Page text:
This is another Cichlid breed, but it’s different from the one above. The main difference is their behavior. African Cichlids are quite aggressive, as I pointed out above, however Ram Cichlids are not. Actually, they do best with peaceful companions, just like them. Because of this, a community tank is perfect for Ram Cichlids. You can put them together with fish like the Platies, Corydoras, Guppies, Clown Loaches and even Tetras. They will behave peacefully to one another. The Ram Cichlid is another omnivore fish species, so you can feed it all kinds of different food. In the wild, they eat small insects mostly. You can replicate that, by giving them mosquito larvae or other small insect larvae. Simple vegetables are also a great food source for Ram Cichlids.

African Cichlids

If you want something colorful in the aquarium, then the African Cichlids are among the best choices you could pick. These are beautiful fish, that come in all kinds of colors, you could imagine. A community tank will look amazing, if you add some African Cichlids into it. Depending on the breed (yes, there are multiple different kinds), an African Cichlid can live up to 15 years old. So, if you plan to create a long-lasting fresh water environment, these fish can prove a good choice. However, there is a downside: African Cichlids are quite territorial and aggressive. If you put them together with other fish that like to swim around a lot, they will get attacked at some point by the Cichlids. So, if you want multiple breeds to live together with Cichlids, make sure you choose species that live on the bottom of the tank most of the time. This way, both species will have their space clearly set out.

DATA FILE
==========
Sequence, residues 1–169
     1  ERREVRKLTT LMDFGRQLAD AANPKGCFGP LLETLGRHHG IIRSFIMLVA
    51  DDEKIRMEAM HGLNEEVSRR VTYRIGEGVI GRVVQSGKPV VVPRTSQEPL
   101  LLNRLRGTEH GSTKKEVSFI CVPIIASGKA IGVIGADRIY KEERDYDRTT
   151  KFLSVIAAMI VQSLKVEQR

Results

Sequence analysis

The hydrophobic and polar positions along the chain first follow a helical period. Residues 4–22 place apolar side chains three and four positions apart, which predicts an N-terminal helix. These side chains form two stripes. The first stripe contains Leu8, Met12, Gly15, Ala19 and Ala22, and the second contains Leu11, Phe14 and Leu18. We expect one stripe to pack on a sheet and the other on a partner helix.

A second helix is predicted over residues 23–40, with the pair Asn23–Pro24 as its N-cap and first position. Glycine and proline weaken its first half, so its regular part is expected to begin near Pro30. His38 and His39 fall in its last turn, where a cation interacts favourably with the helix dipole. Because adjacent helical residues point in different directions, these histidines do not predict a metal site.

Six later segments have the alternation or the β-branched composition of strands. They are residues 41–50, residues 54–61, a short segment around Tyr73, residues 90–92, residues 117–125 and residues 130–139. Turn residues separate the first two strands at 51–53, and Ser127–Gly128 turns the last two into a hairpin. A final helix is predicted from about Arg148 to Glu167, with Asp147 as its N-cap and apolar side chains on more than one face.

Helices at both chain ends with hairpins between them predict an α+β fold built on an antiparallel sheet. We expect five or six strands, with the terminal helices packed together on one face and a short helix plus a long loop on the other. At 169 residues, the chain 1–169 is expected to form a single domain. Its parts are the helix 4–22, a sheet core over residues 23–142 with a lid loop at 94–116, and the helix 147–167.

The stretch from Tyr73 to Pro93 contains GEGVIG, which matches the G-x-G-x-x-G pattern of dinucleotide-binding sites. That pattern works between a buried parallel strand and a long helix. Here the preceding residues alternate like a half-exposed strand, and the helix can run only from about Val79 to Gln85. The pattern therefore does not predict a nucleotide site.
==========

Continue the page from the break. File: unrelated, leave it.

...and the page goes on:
Clown Loaches

Clown Loaches are a popular breed among fish keepers, due to their look and behavior. They are schooling fish, that are very active during daytime. Clown Loaches have an orange body, that is covered by v-shaped stripes on both sides (this is where its name comes from). Because they are schooling fish, you should keep 3 or 4 in the same group. They are peaceful, so keeping them in community tanks is a great choice. Almost any other fish breed will prove to be a great tank mate, as long as it is peaceful and happy to live in groups. Differently from many other species in this article, the Clown Loaches are a carnivore breed. They eat both live and dry foods, but they prefer live. Earthworms are a great source of nutrients for Clown Loaches. But you can buy food products yourself, if that is what you want.